To the Editor:-We appreciated the article by Song et al. [1]who assessed the potential benefit of subhypnotic propofol dosages applied at the end of anesthesia to reduce postoperative nausea and vomiting (PONV) after maintenance with sevoflurane or desflurane. Although the study was not double-blinded, we would like to express our respect for the nice study design, including the power analysis, with a sufficient number of patients and the consequent stratification and randomization.

However, we see problems with some studies focusing on PONV, and we would like to take this article as an opportunity to raise two questions.

First, we agree that it is reasonable to select "high-risk patients" for antiemetic trials. However, a selection of females or a specific type of operation, or both, can be questioned. Recent studies identifying the clinically most significant factors [2,3]and developing a risk score for the prediction of PONV or postoperative vomiting only (PV) [4,5]were able to show that the incidence of PONV or PV after inhalational anesthesia is mainly related to the patient specific characteristics: female gender, nonsmoking history, history of motion sickness or PONV, young age, and the duration of anesthesia. [6]Furthermore, there is some evidence that a score to predict PV is applicable to other types of surgery because incidences of PV in various types of surgery were mainly related to the distribution of individual risk factors. [7]Thus, it is not surprising that females undergoing laparoscopic cholecystectomies had a PONV incidence of approximately 60%. Thus, bearing the importance of individual risk factors in mind, it is difficult to understand why especially patients with a previous history of motion sickness or PONV were excluded from this study. [1]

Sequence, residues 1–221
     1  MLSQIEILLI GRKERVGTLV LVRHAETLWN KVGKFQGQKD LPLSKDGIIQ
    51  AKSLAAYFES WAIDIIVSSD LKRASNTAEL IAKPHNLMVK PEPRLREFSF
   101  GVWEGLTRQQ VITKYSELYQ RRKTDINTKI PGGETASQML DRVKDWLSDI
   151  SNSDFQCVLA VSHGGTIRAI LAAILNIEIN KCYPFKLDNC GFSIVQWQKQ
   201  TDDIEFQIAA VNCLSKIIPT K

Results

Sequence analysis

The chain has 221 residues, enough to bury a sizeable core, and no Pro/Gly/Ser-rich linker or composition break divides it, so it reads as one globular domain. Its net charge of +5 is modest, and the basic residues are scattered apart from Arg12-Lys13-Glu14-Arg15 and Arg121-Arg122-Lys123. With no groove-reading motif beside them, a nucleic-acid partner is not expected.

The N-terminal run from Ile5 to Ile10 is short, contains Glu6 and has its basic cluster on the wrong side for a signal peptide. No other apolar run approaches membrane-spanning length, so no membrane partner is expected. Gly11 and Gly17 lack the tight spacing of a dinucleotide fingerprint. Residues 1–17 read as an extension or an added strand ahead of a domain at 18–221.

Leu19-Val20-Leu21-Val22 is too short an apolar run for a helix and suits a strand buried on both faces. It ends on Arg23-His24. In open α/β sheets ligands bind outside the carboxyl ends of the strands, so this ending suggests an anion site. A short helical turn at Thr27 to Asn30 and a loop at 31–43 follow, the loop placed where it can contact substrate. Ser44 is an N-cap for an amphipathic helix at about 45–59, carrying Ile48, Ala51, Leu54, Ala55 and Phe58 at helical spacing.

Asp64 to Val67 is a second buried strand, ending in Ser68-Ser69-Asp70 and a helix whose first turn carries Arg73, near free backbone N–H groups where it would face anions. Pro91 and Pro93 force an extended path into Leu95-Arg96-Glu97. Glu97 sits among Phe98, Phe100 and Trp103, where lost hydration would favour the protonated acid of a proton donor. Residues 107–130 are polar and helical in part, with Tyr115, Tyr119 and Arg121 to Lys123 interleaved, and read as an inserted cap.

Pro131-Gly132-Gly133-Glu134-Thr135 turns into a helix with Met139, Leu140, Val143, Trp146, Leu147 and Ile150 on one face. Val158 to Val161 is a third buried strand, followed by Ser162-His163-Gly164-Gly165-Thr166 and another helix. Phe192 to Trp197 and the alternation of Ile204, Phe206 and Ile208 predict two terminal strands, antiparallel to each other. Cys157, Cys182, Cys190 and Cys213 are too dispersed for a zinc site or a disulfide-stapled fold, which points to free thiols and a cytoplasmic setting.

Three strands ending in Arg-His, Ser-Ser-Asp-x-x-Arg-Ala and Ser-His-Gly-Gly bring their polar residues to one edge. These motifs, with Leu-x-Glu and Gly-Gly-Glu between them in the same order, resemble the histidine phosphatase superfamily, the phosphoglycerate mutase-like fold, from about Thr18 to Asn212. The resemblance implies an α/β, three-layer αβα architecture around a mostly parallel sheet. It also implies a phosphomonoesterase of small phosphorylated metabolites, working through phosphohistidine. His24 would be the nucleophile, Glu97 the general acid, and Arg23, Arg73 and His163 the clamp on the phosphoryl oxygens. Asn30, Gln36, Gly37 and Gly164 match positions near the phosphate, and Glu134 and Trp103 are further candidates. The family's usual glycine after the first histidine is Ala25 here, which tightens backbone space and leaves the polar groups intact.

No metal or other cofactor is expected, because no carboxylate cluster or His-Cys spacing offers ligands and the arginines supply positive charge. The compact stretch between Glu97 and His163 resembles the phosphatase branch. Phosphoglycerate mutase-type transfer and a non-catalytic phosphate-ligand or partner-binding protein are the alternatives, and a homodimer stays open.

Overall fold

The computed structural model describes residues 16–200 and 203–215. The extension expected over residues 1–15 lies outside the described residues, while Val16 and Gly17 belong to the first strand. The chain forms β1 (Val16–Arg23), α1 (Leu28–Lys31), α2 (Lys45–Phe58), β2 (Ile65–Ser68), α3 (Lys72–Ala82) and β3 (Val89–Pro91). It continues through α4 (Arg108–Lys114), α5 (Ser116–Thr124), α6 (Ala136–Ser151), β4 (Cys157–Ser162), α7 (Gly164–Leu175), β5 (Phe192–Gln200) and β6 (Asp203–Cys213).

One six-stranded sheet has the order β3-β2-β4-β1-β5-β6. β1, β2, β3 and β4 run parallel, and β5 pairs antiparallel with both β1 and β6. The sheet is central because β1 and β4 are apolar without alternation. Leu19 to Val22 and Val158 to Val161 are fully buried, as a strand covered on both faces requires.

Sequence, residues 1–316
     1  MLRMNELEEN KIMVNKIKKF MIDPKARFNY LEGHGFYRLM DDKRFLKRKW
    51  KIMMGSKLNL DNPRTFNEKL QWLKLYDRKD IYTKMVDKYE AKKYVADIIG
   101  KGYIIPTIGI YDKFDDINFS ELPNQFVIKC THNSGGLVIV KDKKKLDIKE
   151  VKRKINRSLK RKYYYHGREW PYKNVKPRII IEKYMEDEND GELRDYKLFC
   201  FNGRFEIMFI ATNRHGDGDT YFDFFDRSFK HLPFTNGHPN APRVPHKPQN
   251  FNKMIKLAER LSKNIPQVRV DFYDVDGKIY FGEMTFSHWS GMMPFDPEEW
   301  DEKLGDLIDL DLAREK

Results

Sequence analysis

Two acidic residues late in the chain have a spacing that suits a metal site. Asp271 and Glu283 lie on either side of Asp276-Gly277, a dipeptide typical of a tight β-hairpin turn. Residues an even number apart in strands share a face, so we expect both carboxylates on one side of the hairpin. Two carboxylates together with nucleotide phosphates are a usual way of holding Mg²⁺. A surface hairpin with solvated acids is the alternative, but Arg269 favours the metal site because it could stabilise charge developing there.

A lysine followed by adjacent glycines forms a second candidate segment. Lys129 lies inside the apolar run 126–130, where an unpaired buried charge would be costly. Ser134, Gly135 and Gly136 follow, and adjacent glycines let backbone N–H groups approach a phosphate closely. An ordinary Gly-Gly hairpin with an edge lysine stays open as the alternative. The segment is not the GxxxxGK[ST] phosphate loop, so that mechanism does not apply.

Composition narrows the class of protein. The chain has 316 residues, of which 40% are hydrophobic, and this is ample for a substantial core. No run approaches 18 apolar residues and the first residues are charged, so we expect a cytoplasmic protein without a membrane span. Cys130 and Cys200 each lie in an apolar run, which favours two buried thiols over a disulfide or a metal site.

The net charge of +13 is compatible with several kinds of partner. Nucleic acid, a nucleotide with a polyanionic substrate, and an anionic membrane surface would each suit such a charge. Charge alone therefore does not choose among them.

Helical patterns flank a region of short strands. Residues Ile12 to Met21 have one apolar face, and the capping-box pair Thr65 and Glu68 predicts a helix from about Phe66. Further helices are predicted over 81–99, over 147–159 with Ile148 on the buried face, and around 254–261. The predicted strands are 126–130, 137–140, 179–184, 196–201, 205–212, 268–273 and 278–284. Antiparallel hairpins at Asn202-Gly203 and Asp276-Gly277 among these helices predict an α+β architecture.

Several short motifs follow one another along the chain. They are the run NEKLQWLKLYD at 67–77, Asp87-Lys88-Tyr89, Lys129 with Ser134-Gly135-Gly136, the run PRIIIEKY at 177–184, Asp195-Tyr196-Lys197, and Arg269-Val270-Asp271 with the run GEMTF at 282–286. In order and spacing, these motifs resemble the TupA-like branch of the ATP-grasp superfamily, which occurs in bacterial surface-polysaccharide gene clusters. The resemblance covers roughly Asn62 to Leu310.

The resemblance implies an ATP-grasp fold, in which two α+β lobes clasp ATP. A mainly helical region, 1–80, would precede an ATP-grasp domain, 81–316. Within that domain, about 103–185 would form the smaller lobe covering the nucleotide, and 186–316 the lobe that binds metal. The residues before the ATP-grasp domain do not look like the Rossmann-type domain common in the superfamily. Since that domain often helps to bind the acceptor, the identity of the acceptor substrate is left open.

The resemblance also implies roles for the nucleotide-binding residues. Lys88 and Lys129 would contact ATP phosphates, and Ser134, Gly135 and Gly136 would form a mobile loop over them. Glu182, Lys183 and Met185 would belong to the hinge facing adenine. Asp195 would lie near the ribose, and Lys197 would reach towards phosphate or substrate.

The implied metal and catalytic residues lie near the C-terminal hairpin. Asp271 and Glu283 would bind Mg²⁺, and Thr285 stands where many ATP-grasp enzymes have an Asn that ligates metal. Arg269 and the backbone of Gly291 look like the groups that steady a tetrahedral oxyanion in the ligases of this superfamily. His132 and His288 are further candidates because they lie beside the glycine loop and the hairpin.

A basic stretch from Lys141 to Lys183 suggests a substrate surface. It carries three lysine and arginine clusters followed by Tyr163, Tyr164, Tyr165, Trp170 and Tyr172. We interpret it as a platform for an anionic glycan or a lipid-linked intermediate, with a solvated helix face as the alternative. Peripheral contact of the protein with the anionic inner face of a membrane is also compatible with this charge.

Second, data presentation are usually not standardized so that studies cannot be compared or used for meta-analyses. [8]We therefore would like to suggest a minimal standard for outcome presentation for nausea, vomiting, PONV, and rescue treatment for the time intervals of 0-2, 2-6, 6-24 and 0-24 h postoperatively. In contrast, the reported 12-h assessment appears quite artificial and clinically of little relevance, because this would often require disturbances during the night or inaccurate time scaling in the data acquisition. An informative adjunct are Kaplan-Meyer curves that, in contrast to this paper, are not used very often. Again, it would be nice to have them separately for nausea, vomiting, PONV, and rescue treatment.

All in all, we do not intend to criticize this specific article because it bears interesting aspects, but to raise an awareness of difficulties concerning patient selection and data presentation in PONV studies. A more standardized presentation might facilitate future quantitative systematic reviews.

Christian C. Apfel, M.D.

Research Fellow

Peter Kranke

Medical Student

Norbert Roewer, M.D.

Professor and Department Head; Department of Anesthesiology; University of Wuerzburg; Wuerzburg, D-97080, Germany;

(Accepted for publication January 21, 1999.)


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